Just as after Hariri’s killing, the calculated recriminations of the March 14 coalition, led by the Future Movement, came fast and furious. Blame was laid squarely at the feet of Hezbollah. March 14 supporters were quick to point out that the crime took place less than three weeks before the Special Tribunal for Lebanon (STL; the U.N.-established court tasked with investigating the Hariri assassination) was set to open proceedings against four accused Hezbollah members.
The shoddy STL investigation, relying heavily on telecommunications data wholly compromised by Israeli intelligence and their captured agents, has been previously discussed.
Did the masterminds of the Shatah assassination hope the Lebanese population would turn against Hezbollah, already facing strong rebuke for its intervention in Syria by March 14 politicians (despite that the latter have implicitly lent support to radical takfiri elements involved in the Syrian conflict since its earliest days)?
As with all political upheavals in Lebanon, the question that must be asked is, “who benefits?” Does Hezbollah? Although Shatah was a stalwart March 14 operative who decried Hezbollah’s role in Syria, he was nevertheless regarded as a relative moderate. But the increasingly virulent sectarian discourse of those on the fringes of this political alliance (and many at its center) and the cover they have extended to extremists like fugitive Sheikh Ahmad al-Assir, cannot be ignored. Beirut after all, is still reeling from recent twin suicide car bombings at the Iranian embassy followed shortly thereafter by the assassination of Hezbollah senior commander Hassan al-Lakkis. On Thursday, innocent Lebanese civilians were again victims of a car bomb detonated in the Haret Hreik neighborhood of Beirut’s Shia-majority southern suburbs, known as the dahiyeh.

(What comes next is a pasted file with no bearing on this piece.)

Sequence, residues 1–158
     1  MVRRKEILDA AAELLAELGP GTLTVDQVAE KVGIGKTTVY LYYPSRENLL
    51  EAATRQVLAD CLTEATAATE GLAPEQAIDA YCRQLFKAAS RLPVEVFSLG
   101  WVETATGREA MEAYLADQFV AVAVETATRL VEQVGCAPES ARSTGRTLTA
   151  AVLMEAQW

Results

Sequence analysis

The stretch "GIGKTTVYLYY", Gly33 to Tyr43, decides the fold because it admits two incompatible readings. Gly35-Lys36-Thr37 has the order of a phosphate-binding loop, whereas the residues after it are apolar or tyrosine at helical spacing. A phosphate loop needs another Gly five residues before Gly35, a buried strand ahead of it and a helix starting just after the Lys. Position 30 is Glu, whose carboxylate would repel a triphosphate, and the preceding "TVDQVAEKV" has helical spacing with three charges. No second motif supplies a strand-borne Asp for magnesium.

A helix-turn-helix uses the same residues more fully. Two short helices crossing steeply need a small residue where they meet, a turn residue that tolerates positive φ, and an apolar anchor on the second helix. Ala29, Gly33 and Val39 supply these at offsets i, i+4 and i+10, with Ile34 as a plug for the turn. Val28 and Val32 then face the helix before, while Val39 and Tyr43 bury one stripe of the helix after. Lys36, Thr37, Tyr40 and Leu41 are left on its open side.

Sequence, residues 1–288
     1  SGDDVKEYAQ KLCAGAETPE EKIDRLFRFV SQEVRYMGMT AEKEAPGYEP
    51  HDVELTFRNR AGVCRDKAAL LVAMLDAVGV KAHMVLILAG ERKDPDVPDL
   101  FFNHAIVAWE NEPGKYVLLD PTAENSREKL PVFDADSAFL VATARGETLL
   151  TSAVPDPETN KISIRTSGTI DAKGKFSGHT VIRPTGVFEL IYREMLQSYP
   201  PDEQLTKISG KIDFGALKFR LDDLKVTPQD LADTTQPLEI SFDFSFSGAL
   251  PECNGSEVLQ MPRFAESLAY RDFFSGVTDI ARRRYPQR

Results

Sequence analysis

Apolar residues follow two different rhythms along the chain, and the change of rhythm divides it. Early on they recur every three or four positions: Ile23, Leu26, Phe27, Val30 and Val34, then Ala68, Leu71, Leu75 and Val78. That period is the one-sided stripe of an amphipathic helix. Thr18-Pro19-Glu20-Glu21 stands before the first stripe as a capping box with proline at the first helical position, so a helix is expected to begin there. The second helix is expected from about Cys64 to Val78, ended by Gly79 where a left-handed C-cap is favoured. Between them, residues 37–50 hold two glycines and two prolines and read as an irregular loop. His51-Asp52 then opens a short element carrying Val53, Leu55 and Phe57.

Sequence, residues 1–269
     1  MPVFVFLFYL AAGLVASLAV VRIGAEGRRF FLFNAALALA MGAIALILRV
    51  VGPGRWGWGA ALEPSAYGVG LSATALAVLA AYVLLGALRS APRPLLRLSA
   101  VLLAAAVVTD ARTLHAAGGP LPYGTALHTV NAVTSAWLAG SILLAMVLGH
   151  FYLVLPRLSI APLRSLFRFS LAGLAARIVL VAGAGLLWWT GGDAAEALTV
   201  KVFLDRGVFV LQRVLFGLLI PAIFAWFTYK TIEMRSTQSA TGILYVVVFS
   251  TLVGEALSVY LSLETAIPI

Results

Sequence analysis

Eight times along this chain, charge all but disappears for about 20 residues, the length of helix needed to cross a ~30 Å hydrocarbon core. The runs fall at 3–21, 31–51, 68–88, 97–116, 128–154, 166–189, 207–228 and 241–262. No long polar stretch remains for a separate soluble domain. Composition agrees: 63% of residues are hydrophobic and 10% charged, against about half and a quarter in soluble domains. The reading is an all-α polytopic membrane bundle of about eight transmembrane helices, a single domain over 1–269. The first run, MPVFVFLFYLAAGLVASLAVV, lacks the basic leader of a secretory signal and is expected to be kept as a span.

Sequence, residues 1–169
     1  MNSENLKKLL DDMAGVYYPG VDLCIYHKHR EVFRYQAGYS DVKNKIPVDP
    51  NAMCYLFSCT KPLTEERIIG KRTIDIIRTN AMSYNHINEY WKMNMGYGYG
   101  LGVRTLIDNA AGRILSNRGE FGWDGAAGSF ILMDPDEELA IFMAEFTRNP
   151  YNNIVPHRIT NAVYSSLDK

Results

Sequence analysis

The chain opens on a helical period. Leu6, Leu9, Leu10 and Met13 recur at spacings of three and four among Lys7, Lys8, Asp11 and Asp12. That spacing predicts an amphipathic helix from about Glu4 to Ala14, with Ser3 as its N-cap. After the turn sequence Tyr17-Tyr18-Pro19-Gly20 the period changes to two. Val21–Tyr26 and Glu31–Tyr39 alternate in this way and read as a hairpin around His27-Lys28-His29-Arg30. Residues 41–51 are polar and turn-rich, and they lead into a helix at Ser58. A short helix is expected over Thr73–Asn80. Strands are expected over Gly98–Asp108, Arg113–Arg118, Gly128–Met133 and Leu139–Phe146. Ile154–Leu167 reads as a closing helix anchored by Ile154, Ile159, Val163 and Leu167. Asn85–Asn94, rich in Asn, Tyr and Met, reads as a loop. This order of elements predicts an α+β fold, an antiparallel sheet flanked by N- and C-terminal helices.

“Moderate” Sunni politicians like Shatah are viewed as expendable, for their killing only serves to polarize the wider Sunni community by inciting sectarian hatred and thereby marginalize more reasoned voices. Even Lebanon’s Grand Mufti was not spared as he was accosted after mourners’ passions were stoked by Sheikh Ahmad al-Omari, the cleric who delivered the sermon at the funeral of a young man also killed in the assassination. As Al-Akhbar reports, “Omari attacked Hezbollah, describing it as the ‘party of the devil.’ He called on the Shia to ‘disown’ Hezbollah ‘if they are true believers,’ and stressed the ‘patience of the persecuted Sunni sect is running out.’”
Again, does Hezbollah achieve any gain, political or otherwise, with Shatah’s demise?
The irony is that the inflammatory rhetoric and policies of March 14 parliamentary bloc members have led to the exponential growth of radical forces in the country. One only has to recall how former Prime Minister Fouad Siniora, Bahia Hariri and others insinuated the Lebanese Army was responsible for provoking Salafist cleric al-Assir’s armed forces to launch an attack against them this past summer in Sidon, killing 18.